Sunday, July 24, 2011

Rose Hobart 2

Joseph Cornell, Box for Rose Hobart, 1936.

16 mm film, 20 min

Rose Hobart

Gay Surrealists see Rose Hobart—
As cinematic synthetic criticism,
Attempting to analyze the film.

Trying instead to redo impressions—
Made on them by experiencing an erotic
Borneo queer poetic equivalence.

André Breton’s Surrealist approach—
Modeled on the ideal of the hetero flâneur,
Wandering from cinema to cinema.

Following a goodlooking Parisian guy—
Watching a few scenes of one film before
Moving on to the next cineplex flick.

Releasing the imagery from the—
Straight shackles of narrative film
Doesn’t take a great deal of talent.

Gay cineasts make themselves into—
Camp receptacles for Marlene Dietrich &
Maria Montez, queenly interlocutors.

Surrealist urgency begins with—
Serious flâneur cruising at the movies
Being irrelevant but still rather focused.

“Automatic” means to ditch the usual—
Conventional film-making practices revealing
The boring embodied everyday ennui.

By creating gay collage poetic cinema—
Outta any lowbrow popular jungle flick
Cornell performs evocative dream-stuff.

Latent content can be found anywhere—
Trashy cult of kitsch Hollywood potboilers:
Translated into contemporary camp.

“Tarzan and the Leopard Woman”—
Just another kitschy cult psyche ready to
Be plumbed by queer consciousness.

Taken even further, Acquanetta morphs—
Into sultry Temptress of “Cobra Island”
Full of nude homo jungle jive comedy.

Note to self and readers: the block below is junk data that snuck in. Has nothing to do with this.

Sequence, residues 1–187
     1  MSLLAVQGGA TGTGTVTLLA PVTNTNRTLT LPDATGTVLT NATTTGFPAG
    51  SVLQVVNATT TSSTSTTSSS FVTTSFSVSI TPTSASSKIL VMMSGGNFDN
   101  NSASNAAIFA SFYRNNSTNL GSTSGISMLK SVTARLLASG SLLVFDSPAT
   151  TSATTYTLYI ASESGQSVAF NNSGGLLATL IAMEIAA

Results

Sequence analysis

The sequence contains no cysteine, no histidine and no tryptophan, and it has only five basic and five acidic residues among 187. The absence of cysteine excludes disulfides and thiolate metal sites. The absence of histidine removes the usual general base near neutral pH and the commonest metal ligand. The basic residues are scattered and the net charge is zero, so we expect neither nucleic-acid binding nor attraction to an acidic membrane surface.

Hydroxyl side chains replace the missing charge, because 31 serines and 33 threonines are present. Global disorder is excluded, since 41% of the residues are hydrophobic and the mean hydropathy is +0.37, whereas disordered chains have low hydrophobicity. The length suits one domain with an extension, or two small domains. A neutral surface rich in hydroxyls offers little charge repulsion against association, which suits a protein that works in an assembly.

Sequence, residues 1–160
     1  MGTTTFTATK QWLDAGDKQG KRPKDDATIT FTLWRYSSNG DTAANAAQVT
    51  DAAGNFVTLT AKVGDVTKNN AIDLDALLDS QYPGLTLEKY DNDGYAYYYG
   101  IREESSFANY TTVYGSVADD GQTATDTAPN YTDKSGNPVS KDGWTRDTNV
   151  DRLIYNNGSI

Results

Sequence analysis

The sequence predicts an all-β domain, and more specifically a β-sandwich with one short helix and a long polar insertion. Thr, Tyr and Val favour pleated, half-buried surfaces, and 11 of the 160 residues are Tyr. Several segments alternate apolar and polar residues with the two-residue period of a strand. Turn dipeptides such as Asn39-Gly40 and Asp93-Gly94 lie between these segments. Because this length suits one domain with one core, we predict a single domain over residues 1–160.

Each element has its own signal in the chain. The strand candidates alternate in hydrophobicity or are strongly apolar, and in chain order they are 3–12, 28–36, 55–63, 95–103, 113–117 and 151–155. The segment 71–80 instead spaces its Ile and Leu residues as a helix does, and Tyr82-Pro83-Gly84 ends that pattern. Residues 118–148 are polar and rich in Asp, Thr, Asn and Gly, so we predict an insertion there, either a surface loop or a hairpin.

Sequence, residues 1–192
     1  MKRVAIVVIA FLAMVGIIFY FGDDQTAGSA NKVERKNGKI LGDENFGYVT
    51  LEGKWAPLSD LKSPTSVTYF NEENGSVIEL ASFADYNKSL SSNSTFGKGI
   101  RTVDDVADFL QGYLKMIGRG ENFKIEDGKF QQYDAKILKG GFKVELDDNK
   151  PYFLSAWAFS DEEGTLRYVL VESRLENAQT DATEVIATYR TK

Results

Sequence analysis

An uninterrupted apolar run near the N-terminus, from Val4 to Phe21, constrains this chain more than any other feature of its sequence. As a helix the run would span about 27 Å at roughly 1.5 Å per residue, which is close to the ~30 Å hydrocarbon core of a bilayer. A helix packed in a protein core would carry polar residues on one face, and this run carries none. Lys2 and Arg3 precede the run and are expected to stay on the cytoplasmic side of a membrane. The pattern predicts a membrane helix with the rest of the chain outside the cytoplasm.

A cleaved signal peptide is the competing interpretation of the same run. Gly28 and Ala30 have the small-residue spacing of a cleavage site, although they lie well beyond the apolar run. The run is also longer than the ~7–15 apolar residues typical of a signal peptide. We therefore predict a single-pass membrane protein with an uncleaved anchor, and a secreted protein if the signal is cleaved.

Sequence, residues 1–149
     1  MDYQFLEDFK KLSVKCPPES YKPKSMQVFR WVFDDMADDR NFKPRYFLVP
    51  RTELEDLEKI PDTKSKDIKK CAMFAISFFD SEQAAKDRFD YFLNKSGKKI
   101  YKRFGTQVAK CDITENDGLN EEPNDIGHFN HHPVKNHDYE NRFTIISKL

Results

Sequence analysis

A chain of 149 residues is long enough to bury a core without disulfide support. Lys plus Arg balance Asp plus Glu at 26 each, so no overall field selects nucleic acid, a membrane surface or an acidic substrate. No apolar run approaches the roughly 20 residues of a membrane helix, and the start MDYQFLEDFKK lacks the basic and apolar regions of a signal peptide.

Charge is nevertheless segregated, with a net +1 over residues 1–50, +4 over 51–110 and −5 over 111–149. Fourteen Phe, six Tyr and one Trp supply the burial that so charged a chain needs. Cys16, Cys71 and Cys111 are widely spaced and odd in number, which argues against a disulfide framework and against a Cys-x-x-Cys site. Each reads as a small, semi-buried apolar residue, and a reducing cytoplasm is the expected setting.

Jungle jive images in quick succession—
Can evoke the process of queer desire
For forbidden dreams & hidden agendas.

Moving associatively with collage art—
Flashing to hot moments of male tension
Whose import isn’t clear but unmistakable.

Circling again & again back through—
Some gay related but obscure male scenes,
As if trying to decipher them by dishing them.

Jumping to gay images outta hetero—
Collaging them entirely faggoty-wise
The uncanny segue to what one knows.

Joseph Cornell & Jack Smith—
Both inhabiting the marginal area where
The conscious & gay unconscious meet.

But where, ultimately, is that?—
Each crosscut fragmented scene curiously
Astonishes us with new gay meanings.

Does Rose Hobart reject filmic meaning—
The slipperiness of nothing expressed not
The same old storyline we’re used to?

“Tristes Tropiques / Rose Hobart”—
Suggest associative, impressionistic forms
Titles that trigger emotional responses.

Semantic connotations smack of—
Accidental allures for Cornell with eclipses,
Exotic lands curving with tropical kitsch.

One could say the same thing about—
Mysterious Cobra Island with Maria Montez as
Slinky hoochy-koochy Cobra Queen worshipper.

Miss Cornell descends onto the remote—
Volcanic island of Niuafo'ou to view eclipse,
An isolated palm-covered Pacific speck of dirt.

The King of Tonga joins with entourage—
All his dancing girlz & court astrologers
All them worship the King Cobra Eclipse.

Orgies, eclipses & astronomy have always—
Attracted lovely virgin handmaidens to be
Sacrificed on little coral islands of shame…

The shadow of the moon over Borneo—
Its path passing over coral islands of lust
And then plunging into the sea forever.

In the final scene of Rose Hobart—
An eclipse occurs & the sun falls outta
The sky into the placid ocean waves.

Cornell edits the eclipse footage—
A flaming queen (standing in for the sun)
Falling into water, leaving pulsing ripples.

The entire montage is not linear—
The neo-narrative is inside your head,
The way the unconscious orders dreams.

After the eclipse comes tumescence—
The sun loses its magnificent poetic size
And shrinks into just another movie prop.

There’s a shift from figurative to literal—
The eclipse of Rose Hobart’s lover into
Just another unconvincing limp noodle?

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